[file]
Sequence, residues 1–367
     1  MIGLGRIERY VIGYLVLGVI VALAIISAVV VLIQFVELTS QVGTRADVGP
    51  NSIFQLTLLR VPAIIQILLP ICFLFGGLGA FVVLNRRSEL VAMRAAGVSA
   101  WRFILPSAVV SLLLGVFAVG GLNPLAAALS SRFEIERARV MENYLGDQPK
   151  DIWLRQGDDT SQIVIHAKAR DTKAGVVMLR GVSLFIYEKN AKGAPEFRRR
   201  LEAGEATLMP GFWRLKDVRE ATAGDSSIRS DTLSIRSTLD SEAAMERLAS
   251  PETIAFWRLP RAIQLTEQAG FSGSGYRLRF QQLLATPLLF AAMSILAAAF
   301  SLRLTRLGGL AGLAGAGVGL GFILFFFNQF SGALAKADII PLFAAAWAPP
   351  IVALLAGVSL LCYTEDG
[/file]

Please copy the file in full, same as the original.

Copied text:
Sequence, residues 1–367
     1  MIGLGRIERY VIGYLVLGVI VALAIISAVV VLIQFVELTS QVGTRADVGP
    51  NSIFQLTLLR VPAIIQILLP ICFLFGGLGA FVVLNRRSEL VAMRAAGVSA
   101  WRFILPSAVV SLLLGVFAVG GLNPLAAALS SRFEIERARV MENYLGDQPK
   151  DIWLRQGDDT SQIVIHAKAR DTKAGVVMLR GVSLFIYEKN AKGAPEFRRR
   201  LEAGEATLMP GFWRLKDVRE ATAGDSSIRS DTLSIRSTLD SEAAMERLAS
   251  PETIAFWRLP RAIQLTEQAG FSGSGYRLRF QQLLATPLLF AAMSILAAAF
   301  SLRLTRLGGL AGLAGAGVGL GFILFFFNQF SGALAKADII PLFAAAWAPP
   351  IVALLAGVSL LCYTEDG